Naomi Cramer Overton

Naomi Cramer Overton

As Compassion’s USA Advocacy Director, Naomi Cramer Overton effectively communicates how Christians, especially teens and young adults, can experience the joy of reaching out to those in need both at home and abroad.

Naomi Cramer Overton

Naomi Cramer Overton grew up near the U.S./Mexico border and made frequent trips with her parents to bring supplies to Tijuana orphanages. Today, Naomi is passionate about journeying alongside Christians — especially millennials — to inspire a deeper connection with Christ and God’s children in need.

“We are all God’s kids,” says Naomi. “We can all get beyond ourselves and live influentially to help others, both at home and abroad.



“When I first saw Compassion’s program implemented in the field in 2009, I instantly thought of Maslow’s hierarchy of needs,” Naomi continues. “Compassion does holistic ministry, and I knew I wanted to be part of that strategy.”

Naomi joined Compassion International in 2010 as the Product Strategy Director for the Child Survival Program and Critical Interventions. In 2012, Naomi accepted her current role as USA Advocacy Director.

Prior to joining Compassion, Naomi served as President and CEO of MOPS International. She has worked as a management consultant to Fortune 500 companies, including Apple Computer, Hewlett-Packard Company and Ken Blanchard Consulting. She has worked as a news reporter for NBC Network News and affiliates of ABC and CBS in San Diego and near Sacramento. Naomi served as a delegate at the Third Lausanne Congress on World Evangelization in 2010 and serves on the North American 4-14 Movement Steering Team.

Education:
Stanford University – B.A. in political science with an emphasis in communications
Anderson School of Management at UCLA – MBA in organizational entrepreneurship and marketing, Dean’s List
Fuller Theological Seminary – M.A. in global leadership, doctorate in missiology focusing on children at risk – completion slated for 2018

Speaker Topics
Beyond Trafficking: Why Prevention Comes First

We all know the urgency: to rally behind those who go undercover to rescue innocent children from harm’s way. Our mind’s eye can see holding a child by the arm and guiding her to a safe haven. God did make us to rescue the oppressed, but, if that’s our only response, we are inviting millions more children to fall prey to an often-irreversible horror.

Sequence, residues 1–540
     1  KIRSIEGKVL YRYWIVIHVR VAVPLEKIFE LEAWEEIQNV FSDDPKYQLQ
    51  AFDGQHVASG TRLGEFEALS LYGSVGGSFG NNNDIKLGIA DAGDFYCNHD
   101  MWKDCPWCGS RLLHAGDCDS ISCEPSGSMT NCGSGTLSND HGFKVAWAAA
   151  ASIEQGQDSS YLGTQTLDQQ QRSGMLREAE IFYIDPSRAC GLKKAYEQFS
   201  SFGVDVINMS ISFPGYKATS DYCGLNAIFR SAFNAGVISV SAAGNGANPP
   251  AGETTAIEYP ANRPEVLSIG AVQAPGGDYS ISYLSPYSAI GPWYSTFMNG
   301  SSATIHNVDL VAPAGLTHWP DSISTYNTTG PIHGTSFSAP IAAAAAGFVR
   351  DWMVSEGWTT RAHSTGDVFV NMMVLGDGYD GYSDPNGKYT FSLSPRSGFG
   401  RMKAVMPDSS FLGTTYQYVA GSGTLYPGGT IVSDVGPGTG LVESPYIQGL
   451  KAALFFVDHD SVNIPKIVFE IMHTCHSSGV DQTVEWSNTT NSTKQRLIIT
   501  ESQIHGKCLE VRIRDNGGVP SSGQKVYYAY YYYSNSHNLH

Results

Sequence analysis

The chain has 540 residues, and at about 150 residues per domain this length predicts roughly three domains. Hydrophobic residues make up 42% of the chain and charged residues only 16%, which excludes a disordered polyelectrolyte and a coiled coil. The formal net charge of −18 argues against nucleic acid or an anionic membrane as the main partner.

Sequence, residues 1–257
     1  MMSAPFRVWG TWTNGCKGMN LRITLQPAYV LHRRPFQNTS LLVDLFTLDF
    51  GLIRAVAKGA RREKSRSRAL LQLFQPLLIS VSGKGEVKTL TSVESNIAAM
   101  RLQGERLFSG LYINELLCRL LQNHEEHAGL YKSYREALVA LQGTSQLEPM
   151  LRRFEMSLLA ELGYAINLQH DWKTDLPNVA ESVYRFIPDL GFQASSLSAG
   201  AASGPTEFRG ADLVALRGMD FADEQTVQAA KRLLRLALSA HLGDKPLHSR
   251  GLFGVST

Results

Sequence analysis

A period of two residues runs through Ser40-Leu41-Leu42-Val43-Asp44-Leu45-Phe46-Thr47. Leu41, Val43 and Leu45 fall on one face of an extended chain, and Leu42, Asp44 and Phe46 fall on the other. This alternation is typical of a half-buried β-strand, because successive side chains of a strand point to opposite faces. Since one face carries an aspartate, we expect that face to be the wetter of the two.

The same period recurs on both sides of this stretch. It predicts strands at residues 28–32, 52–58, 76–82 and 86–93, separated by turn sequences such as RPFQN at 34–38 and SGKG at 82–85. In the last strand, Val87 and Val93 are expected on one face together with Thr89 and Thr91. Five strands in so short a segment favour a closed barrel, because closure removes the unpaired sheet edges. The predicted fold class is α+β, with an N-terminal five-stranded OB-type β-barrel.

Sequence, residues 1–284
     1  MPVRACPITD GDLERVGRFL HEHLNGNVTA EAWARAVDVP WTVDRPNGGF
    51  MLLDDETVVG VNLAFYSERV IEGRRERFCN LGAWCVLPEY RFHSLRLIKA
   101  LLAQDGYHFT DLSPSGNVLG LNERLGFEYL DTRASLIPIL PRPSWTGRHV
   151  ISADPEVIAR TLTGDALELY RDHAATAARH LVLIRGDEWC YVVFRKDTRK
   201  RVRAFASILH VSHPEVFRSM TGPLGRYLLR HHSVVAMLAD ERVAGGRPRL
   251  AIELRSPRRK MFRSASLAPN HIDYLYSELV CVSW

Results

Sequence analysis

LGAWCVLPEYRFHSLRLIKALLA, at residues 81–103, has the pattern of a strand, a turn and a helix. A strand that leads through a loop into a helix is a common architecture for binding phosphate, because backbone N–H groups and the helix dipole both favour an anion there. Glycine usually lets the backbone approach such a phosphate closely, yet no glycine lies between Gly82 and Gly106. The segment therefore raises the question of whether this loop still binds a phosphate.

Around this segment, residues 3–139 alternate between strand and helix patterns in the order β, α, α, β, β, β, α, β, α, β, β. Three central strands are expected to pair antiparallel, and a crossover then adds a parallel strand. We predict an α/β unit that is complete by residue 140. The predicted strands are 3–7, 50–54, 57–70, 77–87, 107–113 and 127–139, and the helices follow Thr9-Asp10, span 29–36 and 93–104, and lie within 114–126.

Naomi unpacks why prevention must be our first priority when facing modern-day slavery, underlining that ultimately the problem is too big and the stories too awful, and that prevention works.

This talk springboards from a case study of two organizations (International Justice Mission and Compassion International) who are working together to protect vulnerable children in Thailand. You will leave with a list of eight research-based actions that write a different story for millions of children not yet enslaved.

“Mo-ommm, Why Can’t I Have a…?” Practical Steps to Being a Family of Purpose

We want to raise great kids and make an eternal difference, even while we’re in the busy parenting years. But between diapers, carpools, unexpected sniffles and mountains of laundry, how do we even begin to think about the world beyond our doors?

And why should we? Is there anything special about serving as a family that merits us adding it to the bedtime prayers, Sunday school and kids’ and youth ministries we already emphasize for our children?

Willow Creek Association’s MOVE study of 250,000 Christians revealed, “The act of serving, either within a church ministry or serving those in need, has the greatest impact on spiritual growth.” Naomi shares why, and practically how, the families you influence — in your home, congregation and community — can grow toward Christ through simple service that fits with your family’s everyday life.

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